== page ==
A Quiet Man of Music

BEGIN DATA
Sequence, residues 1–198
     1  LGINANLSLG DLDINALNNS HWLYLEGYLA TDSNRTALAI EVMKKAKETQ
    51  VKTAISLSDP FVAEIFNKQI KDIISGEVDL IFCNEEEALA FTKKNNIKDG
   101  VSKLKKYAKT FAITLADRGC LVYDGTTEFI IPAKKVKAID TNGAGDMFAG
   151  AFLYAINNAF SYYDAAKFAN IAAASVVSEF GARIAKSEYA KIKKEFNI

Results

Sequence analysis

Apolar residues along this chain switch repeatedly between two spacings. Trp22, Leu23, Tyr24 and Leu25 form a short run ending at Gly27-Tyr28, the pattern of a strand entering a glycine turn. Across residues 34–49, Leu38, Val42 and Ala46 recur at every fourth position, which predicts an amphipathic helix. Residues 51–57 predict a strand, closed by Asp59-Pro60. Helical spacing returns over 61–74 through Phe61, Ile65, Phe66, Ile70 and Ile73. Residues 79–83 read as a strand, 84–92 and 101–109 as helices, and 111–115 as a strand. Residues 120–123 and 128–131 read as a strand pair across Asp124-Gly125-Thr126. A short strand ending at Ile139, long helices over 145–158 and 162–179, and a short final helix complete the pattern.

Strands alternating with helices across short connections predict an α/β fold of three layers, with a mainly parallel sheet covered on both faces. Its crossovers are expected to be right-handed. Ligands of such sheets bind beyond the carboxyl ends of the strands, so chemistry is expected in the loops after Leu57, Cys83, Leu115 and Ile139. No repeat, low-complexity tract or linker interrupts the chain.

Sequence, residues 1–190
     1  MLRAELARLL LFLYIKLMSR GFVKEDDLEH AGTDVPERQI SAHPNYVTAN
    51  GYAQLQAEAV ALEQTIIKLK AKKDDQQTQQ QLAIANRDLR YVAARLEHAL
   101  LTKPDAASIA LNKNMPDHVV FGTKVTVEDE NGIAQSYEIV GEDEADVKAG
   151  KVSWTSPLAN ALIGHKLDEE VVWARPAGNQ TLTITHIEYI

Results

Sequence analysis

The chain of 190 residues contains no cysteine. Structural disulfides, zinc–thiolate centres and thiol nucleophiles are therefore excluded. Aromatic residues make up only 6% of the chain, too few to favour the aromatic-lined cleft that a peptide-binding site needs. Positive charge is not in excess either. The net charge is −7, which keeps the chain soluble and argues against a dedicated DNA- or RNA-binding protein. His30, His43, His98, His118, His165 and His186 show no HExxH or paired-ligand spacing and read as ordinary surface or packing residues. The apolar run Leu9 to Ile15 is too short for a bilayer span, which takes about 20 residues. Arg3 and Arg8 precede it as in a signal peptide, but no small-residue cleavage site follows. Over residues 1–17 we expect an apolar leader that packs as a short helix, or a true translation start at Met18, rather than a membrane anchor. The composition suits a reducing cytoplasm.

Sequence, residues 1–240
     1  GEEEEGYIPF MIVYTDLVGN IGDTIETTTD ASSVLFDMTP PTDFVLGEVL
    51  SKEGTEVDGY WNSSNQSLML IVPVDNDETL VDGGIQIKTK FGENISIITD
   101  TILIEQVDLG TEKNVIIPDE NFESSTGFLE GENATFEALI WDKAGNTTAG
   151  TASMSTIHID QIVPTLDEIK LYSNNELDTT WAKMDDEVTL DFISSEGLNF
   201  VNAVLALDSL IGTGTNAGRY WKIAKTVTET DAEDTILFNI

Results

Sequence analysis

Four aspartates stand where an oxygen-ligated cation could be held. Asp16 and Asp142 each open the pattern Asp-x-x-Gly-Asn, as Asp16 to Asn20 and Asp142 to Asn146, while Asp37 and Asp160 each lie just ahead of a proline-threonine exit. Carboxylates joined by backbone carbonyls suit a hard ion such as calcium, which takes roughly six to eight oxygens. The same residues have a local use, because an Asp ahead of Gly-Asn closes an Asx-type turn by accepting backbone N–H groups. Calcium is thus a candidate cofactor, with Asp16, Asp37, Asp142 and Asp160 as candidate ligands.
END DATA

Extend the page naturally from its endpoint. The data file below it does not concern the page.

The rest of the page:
One of my earliest memories of my father is hearing him sing and play Edelweiss (from Sound of Music) on guitar. Such a sweet, soulful song. I know I was awfully young to be sensing soulfulness but there it was. As a family, we’ve done a lot of singing together. When we lived in Japan (circa 1965), mom and dad and their friends would sing often at get-togethers. Some of the wives even formed a singing group called, “The Whymsingers.” And throughout our lives, there was always music. When camping, everyone would get out their guitars, ukuleles, etc. and we’d sing. It was the best time ever. This tradition continues, as the children and grandchildren grow up and learn to love music and lead their own songs at campsites. I remember my dad teaching me to skip rocks. I remember watching his example of great respect toward our mother. And I recall getting old enough to start asking him questions that really meant something. He always gave the best answers. Still does. There are so many memories to share. Like the way that he feeds the stray cats that show up in winter until mom finally says, “If I get home today and that cat is still here, we’re keeping it.” Or asking him for a favor and having him say, “Maybe,” which really always means yes. And hearing him tell stories of when he was a kid in Minnesota. Oh I get such a kick out of those stories. Watching old war movies with my dad was always one of my favorite things to do. He would explain to me as we watched and I’d have to say that it is from him that I learned more about military history than I have anywhere else. It’s been hard for us girls (four daughters) to find men who can live up to the standard our dad has set. When I was young, I honestly thought all men were like my father. I mean, why wouldn’t they be? Wow. What a shock to find that there are very few truly good men out there. And what a thrill when we find them. My dad is a quiet man. He’s very tolerant of the foibles found in others. He loves his family ferociously. He does not back down on that under any circumstances. He leads by example, which is a cliché that is often used but not so often really true. He has taught me how to love unconditionally and to never despair. That there is nothing too hard that can’t be overcome. That the mind is a great thing and is really where the battle is fought. Thanks, Dad. I love you so much.